There are several steps involved in a blockchain-based smart beginning with agreement identification, defining setting conditions, scripting the business logic, encryption with blockchain, execution and processing on event triggers, and finally updating the network status.
Thus contractual performance obligations are memorialised in code using a strict and formal programming language, then they are executed by members of a blockchain-based network. Once a smart contract is triggered via a transaction by one of the parties, the smart contract itself acts as the parties’ agent that is deputised to assist the parties with their arrangement.
The code of the smart contract is stored on each miner’s computer and each smart contract is assigned a blockchain-based address. Parties can initiate a smart contract by sending digitally signed “transactions” to the smart contract’s address. The transactional record is stored on the blockchain, the saved record then triggers the smart contract’s execution. Owing to the consensus-based distributed architecture the smart contract’s code is run by all miners supporting the network simultaneously. The transaction in this case is a record that includes the variables necessary for the code to run, along with a digital signature of the sending party.
ERROR IN CODE — RISK EXPOSURE:
Smart contracts also suffer from material shortcomings. Any vulnerability or even an error in the code may bring consequences. And one such example is when the DAO raised more than $150 million, an individual discovered a loophole in the code and diverted almost $70 million worth of ether and it was observed that the hacker did not maliciously hack the code, but rather used the terms of the existing smart contracts to accomplish something others later found objectionable, i.e. the diversion of their money. Thus, it is evident that the systemic risks exposed by the DAO hack have fuelled the argument that raises several concerns about the functionality of smart contracts. Broadly speaking — the hack reveals that the foundational characteristics which make smart contracts attractive ought to be questioned.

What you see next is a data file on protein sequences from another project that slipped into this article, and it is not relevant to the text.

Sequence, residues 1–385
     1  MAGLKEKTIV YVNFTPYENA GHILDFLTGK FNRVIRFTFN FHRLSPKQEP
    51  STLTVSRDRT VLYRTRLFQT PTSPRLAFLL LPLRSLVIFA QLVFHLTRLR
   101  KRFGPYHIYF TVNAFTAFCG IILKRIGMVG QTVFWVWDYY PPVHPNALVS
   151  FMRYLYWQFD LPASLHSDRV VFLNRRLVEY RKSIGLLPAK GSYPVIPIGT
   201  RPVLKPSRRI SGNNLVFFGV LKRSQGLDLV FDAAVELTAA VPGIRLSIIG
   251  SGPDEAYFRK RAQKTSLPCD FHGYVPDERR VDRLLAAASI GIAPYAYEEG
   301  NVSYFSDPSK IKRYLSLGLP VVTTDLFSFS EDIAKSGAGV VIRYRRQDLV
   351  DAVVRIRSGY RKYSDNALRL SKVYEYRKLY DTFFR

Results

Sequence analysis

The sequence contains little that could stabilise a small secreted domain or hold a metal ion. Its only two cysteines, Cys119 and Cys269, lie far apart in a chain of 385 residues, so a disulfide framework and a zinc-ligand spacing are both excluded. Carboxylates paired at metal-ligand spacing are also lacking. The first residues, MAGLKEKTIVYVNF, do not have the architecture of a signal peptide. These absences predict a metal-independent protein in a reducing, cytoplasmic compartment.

RELATION WITH CRYPTOCURRENCY
Centralised form of transactions may have a single point of failure that has been solved by using blockchain technology, which provides a peer-to-peer transaction without the need of a third party. The Bitcoin decentralised cryptocurrency, released in 2009, has generated great interest in blockchain technology applications. The blockchain technology that used to be applied only for bitcoin peer-to-peer transactions has been also usable for other purposes, such as smart contracts.
In the last few years, there has been significant development in technology related to blockchain-based smart contracts that have been accumulating over the years. It ranges from various platforms that facilitate blockchain-based smart contracts, applications that utilise smart contracts and tools in developing blockchain-based smart contract applications.